We do? In general, you wouldn't use a half-float internal format if you weren't passing half-float data. Sure, you could, but no application that actually cared about performance ever would.


The image conversion could be done at the same time as the repacking of pixel order.

Assuming of course that the repacking is not a special DMA mode. Because if it is, you can't really do in-place conversion.


Um, if an implementations color conversion is broken it is a bug in the GL implementation!

Yes, but opening up more avenues for bugs isn't exactly helping the "buggy OpenGL drivers" situation.

mhagain
12-05-2011, 12:20 PM
There are two sides of an argument going on here. Performance and flexibility. OpenGL is traditionally on the flexibility side; you provide the data, specify it's format and layout, tell GL what internal representation you'd like, and let the driver work the rest out.

That's cool for some use cases but it's not cool for others.

Sometimes you want the data to go up FAST. You're going to be using that texture later in the current frame, or in the next frame at the absolute latest, you're doing an upload, and you need to know that the format and layout you're using is going to exactly match the internal representation OpenGL is going to give you. Passing through any kind of software conversion layer - whether your own or in the driver - just doesn't cut it.

So how do you find that out? Because right now it's trial and error; you have no way of knowing. Even worse, it can vary from implementation to implementation, so it's not something you can do a bunch of tests on and then code the results into your program.

At the very least that opens a requirement for a "gimme gimme exact format baby" extension, but by now it's more appropriate in the Suggestions forum rather than here.

V-man
12-05-2011, 03:52 PM
For the case of GL ES, I really do not see what the big deal is.

Isn't there a format that is supported by all the GPUs? On the desktop, they all support BGRA 8888.
For the embeded world, there should be a common supported format, whether it is R5G6B5 or BGRA 8888 or BGR 888 and so on. Even if there is a GPU that doesn't support the "common" format in question, surely it supports something.

I can imagine that it can be a huge problem if there were 100 different GPUs and each supports its own unique format and they are forcing you to write that format converter.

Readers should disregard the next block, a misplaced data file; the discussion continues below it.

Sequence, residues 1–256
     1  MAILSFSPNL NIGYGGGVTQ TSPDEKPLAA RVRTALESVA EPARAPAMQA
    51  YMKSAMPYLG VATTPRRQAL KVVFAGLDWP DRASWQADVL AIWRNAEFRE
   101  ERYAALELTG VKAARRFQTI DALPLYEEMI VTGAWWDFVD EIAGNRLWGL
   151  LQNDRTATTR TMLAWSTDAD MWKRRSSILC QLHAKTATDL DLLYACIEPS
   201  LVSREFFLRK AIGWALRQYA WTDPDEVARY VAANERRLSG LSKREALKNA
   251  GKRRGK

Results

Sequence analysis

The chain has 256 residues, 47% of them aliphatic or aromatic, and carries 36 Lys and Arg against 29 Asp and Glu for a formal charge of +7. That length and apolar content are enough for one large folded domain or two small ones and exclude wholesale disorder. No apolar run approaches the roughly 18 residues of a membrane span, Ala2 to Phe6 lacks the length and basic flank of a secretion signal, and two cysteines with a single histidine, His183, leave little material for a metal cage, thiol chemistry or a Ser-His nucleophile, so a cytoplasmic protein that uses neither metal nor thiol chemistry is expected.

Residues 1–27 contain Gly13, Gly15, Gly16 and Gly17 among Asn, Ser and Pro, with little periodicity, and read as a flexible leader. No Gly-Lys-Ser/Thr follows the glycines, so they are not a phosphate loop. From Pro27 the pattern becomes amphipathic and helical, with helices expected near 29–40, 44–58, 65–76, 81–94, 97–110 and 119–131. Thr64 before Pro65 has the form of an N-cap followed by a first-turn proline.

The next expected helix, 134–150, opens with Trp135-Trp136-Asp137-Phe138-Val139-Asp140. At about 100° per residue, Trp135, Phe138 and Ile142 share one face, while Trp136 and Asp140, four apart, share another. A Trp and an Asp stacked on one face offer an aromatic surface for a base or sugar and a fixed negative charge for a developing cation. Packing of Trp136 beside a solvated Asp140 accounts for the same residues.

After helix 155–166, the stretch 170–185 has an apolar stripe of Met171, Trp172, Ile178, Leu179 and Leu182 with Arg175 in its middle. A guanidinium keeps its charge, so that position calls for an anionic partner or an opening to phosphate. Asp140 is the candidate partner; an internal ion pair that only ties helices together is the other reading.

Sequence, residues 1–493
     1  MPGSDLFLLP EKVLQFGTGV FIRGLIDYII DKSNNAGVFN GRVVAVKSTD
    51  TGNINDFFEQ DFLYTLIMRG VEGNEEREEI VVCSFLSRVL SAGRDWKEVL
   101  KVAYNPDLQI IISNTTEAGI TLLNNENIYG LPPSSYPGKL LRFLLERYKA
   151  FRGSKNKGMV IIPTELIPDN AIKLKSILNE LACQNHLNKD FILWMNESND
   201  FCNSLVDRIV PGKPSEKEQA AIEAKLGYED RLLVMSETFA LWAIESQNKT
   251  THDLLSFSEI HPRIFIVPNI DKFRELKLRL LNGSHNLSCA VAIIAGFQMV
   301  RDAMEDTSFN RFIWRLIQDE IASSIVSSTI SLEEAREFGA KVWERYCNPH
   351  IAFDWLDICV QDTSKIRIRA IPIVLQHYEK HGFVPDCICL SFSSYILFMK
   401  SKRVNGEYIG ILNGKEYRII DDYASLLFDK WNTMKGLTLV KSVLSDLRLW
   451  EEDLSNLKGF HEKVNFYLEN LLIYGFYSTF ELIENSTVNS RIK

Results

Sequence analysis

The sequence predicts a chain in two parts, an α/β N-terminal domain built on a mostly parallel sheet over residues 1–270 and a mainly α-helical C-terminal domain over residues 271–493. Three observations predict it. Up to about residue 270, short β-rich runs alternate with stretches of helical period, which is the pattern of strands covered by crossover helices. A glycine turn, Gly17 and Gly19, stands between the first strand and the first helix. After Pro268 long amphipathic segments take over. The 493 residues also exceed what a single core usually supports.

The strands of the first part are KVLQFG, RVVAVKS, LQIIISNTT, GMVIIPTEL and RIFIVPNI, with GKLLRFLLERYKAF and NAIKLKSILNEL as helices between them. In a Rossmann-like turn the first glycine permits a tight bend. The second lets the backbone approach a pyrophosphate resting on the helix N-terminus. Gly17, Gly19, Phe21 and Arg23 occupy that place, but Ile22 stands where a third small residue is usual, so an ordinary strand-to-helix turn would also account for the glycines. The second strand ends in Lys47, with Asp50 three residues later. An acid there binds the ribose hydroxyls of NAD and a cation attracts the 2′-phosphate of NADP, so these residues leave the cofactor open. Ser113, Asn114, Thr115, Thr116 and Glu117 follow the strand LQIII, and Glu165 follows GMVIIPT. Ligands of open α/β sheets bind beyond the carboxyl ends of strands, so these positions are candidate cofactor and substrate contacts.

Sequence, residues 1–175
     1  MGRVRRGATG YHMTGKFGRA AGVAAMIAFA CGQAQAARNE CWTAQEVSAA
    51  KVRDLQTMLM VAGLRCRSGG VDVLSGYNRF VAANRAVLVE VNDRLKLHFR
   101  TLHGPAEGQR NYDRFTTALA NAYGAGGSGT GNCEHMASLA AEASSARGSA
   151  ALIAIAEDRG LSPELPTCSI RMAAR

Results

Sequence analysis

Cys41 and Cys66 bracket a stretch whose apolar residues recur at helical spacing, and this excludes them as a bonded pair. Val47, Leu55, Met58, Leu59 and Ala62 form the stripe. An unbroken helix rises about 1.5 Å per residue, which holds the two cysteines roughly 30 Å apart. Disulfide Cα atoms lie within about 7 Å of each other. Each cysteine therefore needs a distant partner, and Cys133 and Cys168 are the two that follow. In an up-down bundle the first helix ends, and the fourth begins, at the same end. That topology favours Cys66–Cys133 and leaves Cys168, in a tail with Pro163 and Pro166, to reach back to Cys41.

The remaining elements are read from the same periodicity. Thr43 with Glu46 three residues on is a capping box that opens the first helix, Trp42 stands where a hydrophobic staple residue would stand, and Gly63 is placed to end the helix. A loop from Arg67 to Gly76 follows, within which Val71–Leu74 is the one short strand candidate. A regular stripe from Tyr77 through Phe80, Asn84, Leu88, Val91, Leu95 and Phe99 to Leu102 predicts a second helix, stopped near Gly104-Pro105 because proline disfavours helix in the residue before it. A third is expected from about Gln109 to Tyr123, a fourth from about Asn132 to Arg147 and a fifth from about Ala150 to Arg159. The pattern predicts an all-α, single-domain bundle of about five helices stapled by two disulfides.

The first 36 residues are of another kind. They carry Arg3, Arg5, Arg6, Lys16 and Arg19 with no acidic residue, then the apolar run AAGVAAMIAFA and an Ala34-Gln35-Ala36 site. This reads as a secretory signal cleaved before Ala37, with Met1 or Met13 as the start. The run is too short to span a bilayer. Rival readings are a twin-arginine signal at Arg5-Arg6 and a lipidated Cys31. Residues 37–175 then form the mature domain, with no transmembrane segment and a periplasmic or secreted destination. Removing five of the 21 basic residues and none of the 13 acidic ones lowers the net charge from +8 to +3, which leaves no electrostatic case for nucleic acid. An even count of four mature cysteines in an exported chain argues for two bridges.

So, how big is the problem?

aqnuep
12-06-2011, 01:45 AM
Yes, you are right, R5G6B5 and BGRA8 is generally supported by 99.99% of embedded devices.

Things can become more complicated only in case of compressed texture formats (e.g. PVRTC or ETC) but hey, you store the compressed images anyway separately, I mean you don't do on-the-fly texture compression on embedded hardware, do you? So what's the problem? You can solve the selection by using a single conditional in the client side code and there is really no need for format conversion.

kRogue
12-06-2011, 10:47 AM
Sometimes you want the data to go up FAST. You're going to be using that texture later in the current frame, or in the next frame at the absolute latest, you're doing an upload, and you need to know that the format and layout you're using is going to exactly match the internal representation OpenGL is going to give you. Passing through any kind of software conversion layer - whether your own or in the driver - just doesn't cut it.

So how do you find that out? Because right now it's trial and error; you have no way of knowing. Even worse, it can vary from implementation to implementation, so it's not something you can do a bunch of tests on and then code the results into your program.



Lets talk conversions ok. Lots of us are familiar with the RGBA vs BGRA vs ABGR fiascos for conversions. In the embedded world it is even richer and much more hilarious. The formats exposed by GLES2 for textures are essentially RGB565, RGBA4444, RGBA5551, RGBA8, RGB8, L8, A8, LA8 .. and that is mostly it. Mind you, plenty of platforms do not really support RGB8, they pad it to RGBA8. Also, in the embedded world, like 99.999999% time, it is a unified memory model. It gets richer, there are SoC's that let you write _directly_ to a location in memory from which GL will source texture data. There are some pretty anal rules about the formats, but you can see that getting an actual location to directly write bytes of image data is orders of magnitude better than the idiot guessing game of will it convert or not. If you need to stream texture data on an embedded platform, using glTexSubImage2D is never going to have a happy ending, you need something better, you need a real memory location to directly write the image data.

With that in mind, and with in mind that GL implementations will more often than not twiddle the texture data, the color conversion issue is not that big a deal on top of everything else, really it is not. Besides, I would wager that the folks making the GL implementation will do a much better job than me or for that matter most developers, simlpy because that is core work for GL implementations, twiddling bits to make the hardware happy.

What is quite troubling, especially when you think about it, is that color conversions are done all the freaking time every time you draw one frame of data (texture look up [internal texture format to format used in shader arithmetic] and then writes to framebuffer).. and yet no one cares... looking in particular in the context of texture look ups, there really is no excuse for color conversion to not be in a GL implementation.